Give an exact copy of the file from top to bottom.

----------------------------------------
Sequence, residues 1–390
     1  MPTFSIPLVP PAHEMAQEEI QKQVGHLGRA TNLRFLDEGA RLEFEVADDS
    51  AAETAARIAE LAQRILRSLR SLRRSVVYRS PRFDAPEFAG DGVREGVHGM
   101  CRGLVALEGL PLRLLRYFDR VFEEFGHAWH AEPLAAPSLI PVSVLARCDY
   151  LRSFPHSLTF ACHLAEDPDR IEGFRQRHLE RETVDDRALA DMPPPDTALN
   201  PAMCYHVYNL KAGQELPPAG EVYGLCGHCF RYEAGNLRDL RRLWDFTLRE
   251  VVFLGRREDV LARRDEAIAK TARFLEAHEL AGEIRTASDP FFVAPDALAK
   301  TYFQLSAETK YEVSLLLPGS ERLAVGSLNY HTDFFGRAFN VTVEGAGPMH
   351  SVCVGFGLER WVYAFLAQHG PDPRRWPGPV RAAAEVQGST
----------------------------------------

Sequence, residues 1–390
     1  MPTFSIPLVP PAHEMAQEEI QKQVGHLGRA TNLRFLDEGA RLEFEVADDS
    51  AAETAARIAE LAQRILRSLR SLRRSVVYRS PRFDAPEFAG DGVREGVHGM
   101  CRGLVALEGL PLRLLRYFDR VFEEFGHAWH AEPLAAPSLI PVSVLARCDY
   151  LRSFPHSLTF ACHLAEDPDR IEGFRQRHLE RETVDDRALA DMPPPDTALN
   201  PAMCYHVYNL KAGQELPPAG EVYGLCGHCF RYEAGNLRDL RRLWDFTLRE
   251  VVFLGRREDV LARRDEAIAK TARFLEAHEL AGEIRTASDP FFVAPDALAK
   301  TYFQLSAETK YEVSLLLPGS ERLAVGSLNY HTDFFGRAFN VTVEGAGPMH
   351  SVCVGFGLER WVYAFLAQHG PDPRRWPGPV RAAAEVQGST